There are more factors to consider in UI development now than ever. Websites are just as likely to be accessed from mobile devices as they are from desktop or laptop computers, and their design needs to be clear and viewable on any platform. Below, we list ten examples of the year’s best UI design across websites, apps, operating systems and hardware.
Joining the growing pool of social networks, Pinterest really took off in 2012 with its easy-to-use interface and unique networking angle. The site appeals to many people who aren’t heavy computer users – the majority of its users are female – by letting people share their interests via an intuitive pinboard display.
Version control can be a terrifying ordeal when working collaboratively, and LayerVault helps lessen the trauma. The app is designed for the Mac OSX, running largely autonomously through the menu bar to help you keep track of changes made to projects and sync them to other users working on the same projects.
The interface has a vibrant colour scheme, and organizes projects into “cards”, which makes them easily distinguishable.
Launched in mid 2012, Polygon is a unique website detailing video game news, reviews and features, approaching the formula with a touch of class. Using Vox Media’s proprietary Chorus platform gives the site its own personality among gaming websites. Scrolling downwards, the homepage is made up of thumbnails of varying sizes, linking to articles. Highlights are featured in banners, and the whole package looks clean, modern and informative.
This snazzy little iPhone game takes the word-building fun of Scrabble (and subsequently, Words With Friends) and creates its own set of rules. Presented with a 5×5 grid of letters, players take turns making whichever words they can, using any letters on the board, to “capture” them. When there are no white letters left, whoever has captured the most with their colour wins.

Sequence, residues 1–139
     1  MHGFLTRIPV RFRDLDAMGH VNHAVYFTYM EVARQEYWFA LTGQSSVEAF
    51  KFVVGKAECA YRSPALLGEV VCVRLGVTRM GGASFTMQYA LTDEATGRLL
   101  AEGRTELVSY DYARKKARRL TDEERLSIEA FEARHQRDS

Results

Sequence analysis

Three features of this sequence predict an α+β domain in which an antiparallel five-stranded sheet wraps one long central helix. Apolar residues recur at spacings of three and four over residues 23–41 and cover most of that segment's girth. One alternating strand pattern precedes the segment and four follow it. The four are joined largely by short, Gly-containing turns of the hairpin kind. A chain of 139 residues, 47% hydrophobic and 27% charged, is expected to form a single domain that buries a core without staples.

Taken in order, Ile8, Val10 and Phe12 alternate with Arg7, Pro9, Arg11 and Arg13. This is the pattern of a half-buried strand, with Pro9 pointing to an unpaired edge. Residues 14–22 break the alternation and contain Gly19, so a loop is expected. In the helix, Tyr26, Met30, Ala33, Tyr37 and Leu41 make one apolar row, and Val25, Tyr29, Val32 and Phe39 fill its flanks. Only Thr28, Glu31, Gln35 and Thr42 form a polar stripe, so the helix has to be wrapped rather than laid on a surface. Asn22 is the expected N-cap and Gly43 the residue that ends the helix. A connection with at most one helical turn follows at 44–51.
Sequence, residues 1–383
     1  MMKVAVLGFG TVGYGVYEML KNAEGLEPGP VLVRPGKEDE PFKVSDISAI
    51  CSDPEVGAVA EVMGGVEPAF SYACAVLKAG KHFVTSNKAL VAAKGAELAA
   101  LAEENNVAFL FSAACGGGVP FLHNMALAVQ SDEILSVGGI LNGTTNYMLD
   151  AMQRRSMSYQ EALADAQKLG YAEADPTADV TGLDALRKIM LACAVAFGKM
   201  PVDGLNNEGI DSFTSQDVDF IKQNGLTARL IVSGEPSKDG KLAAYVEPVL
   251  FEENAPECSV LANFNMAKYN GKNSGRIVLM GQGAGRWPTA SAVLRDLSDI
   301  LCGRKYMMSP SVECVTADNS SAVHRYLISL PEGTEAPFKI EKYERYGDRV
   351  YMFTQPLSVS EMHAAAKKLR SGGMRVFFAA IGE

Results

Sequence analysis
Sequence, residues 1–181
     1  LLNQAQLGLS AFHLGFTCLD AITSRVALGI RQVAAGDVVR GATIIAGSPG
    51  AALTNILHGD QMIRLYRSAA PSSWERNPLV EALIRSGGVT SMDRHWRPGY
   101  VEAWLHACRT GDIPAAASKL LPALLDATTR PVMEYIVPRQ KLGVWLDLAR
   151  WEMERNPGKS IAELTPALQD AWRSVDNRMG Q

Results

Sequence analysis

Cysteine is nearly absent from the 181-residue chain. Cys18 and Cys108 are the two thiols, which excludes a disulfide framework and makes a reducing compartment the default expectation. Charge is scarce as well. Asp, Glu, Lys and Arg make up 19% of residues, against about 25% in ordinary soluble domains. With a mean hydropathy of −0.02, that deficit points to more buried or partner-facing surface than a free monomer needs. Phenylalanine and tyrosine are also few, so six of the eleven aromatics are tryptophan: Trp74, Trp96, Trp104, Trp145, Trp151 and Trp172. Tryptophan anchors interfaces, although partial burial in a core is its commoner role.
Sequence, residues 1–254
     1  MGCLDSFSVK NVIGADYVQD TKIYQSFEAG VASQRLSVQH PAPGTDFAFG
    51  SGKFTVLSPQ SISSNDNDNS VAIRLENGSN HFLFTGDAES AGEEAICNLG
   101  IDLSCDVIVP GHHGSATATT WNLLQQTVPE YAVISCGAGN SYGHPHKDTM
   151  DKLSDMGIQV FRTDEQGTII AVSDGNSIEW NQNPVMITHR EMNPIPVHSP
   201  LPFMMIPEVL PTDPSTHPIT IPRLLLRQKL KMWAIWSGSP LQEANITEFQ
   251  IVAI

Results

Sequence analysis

It’s incredibly simple and tactile to play, with taps to select and drags to arrange letters. A minimal colour scheme – one player is red, the other blue – lets you instantly see who has control of the board, and makes it easy to single out letters for each turn.
It’s not hard to see how this picked up the Apple Design Award for 2012. From developer FiftyThree, Paper is a simple but deep drawing tool for tablets. There are no complicated buttons or settings to mess with, just tap to select, then draw. There’s a basic toolbar laid out along the bottom, which lets you swap between different instruments (fountain pens, pencils, brushes, etc), mix and choose colours from a set palette. The rest of the screen is your canvas, and drawing on it feels very natural.
Simplicity is the order of the day for Mosaic, a creative app for your iPhone and iPad that lets you arrange your photos into a virtual book, send off the plan and days later, receive a physical, printed copy.
Input is all tapping. Users can navigate through the photos stored on their device, select ones they like and sort them on virtual pages. Tapping each page scrolls in that direction. When you’re done designing the book, just hit the Place Order button, enter details and it will be in your hands in a few days.